But nothing like that happened here. Indeed, the company’s proposal to you to reduce the 2012 bonus wasn’t a violation of any federal law and very likely not a violation of any state law, either. Complaints about legal things the company does are generally not protected. All that happened was that the company hadn’t kept track of the bonus you were earning and was shocked at how much it was. So management proposed to you that you accept a smaller bonus. You refused, stood your ground, and are getting your $100,000 bonus. All of that is simply contract negotiation. The next phase of the contract negotiation is that for the next year the company is offering you a new bonus structure.

The company has no legal obligation to keep paying you in the future what you had been paying in the past. So long as what you earn is above minimum wage (and it clearly would be here), the company is free to reduce your future compensation. You don’t have to agree to that, of course, but you may find yourself fired if you don’t.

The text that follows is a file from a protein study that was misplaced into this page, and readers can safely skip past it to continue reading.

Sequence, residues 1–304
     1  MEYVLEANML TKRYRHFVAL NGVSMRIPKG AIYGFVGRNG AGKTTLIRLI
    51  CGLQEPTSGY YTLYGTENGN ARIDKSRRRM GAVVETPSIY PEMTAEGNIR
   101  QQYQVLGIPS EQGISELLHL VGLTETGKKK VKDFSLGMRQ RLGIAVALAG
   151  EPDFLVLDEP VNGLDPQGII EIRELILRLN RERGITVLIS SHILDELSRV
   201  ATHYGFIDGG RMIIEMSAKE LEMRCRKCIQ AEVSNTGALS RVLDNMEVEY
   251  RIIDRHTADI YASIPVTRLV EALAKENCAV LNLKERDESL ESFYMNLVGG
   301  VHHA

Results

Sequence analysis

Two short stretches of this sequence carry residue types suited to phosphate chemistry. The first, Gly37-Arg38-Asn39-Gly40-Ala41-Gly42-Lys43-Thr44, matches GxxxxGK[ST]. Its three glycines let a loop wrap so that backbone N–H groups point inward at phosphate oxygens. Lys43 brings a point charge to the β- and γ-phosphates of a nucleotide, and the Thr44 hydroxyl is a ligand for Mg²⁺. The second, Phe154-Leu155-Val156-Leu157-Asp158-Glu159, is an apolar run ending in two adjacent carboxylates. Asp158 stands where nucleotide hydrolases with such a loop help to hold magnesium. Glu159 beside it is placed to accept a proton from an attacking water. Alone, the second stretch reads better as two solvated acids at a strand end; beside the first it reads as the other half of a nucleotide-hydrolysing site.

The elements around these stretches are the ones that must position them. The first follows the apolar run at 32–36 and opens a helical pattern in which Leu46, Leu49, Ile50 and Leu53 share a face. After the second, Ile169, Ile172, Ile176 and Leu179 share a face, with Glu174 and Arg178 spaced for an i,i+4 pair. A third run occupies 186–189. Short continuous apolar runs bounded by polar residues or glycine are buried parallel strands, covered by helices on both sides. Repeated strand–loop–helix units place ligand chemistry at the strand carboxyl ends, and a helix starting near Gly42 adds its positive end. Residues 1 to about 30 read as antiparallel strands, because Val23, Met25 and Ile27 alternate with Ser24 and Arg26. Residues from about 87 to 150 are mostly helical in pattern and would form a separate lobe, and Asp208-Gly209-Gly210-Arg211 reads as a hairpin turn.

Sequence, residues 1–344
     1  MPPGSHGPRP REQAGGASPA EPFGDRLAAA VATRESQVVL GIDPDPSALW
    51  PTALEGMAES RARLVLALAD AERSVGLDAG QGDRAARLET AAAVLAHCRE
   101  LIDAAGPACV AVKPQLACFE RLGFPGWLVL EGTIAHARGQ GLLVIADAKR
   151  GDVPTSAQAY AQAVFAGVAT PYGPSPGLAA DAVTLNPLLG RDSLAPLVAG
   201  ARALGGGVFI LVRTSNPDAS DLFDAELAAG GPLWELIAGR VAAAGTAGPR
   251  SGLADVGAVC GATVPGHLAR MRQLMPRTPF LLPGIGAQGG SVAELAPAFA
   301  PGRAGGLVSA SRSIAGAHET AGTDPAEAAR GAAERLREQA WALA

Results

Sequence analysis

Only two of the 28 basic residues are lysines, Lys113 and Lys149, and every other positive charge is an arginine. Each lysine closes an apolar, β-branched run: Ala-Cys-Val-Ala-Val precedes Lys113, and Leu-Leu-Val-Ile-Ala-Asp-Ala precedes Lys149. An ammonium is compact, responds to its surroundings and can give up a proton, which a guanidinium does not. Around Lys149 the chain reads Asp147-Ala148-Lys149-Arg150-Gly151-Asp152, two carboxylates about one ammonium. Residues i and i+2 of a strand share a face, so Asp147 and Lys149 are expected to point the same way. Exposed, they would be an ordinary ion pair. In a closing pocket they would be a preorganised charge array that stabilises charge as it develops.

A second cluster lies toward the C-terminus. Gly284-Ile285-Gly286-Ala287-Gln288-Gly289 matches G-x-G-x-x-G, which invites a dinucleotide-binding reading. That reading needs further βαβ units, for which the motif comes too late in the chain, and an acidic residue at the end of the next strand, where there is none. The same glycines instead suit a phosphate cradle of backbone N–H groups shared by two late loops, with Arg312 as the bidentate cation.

Feel free to consult an employment law attorney in your state. Shouldn’t cost you much to find out if this would amount to illegal retaliation under your state’s law.

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Sorry but you are incorrect about the “new” compensation proposal. You will note in my original post that I stated part of the new comp plan would have some of my pay based on the “fees” that are earned on loans produced. A loan officer can not be compensated based on any terms or conditons of a loan as this is clearly a violation of Reg Z Loan Officer compensation listed below.

If I reject the proposed compensation plan and the company terminates my employment, then I would have a cause of action, would I not?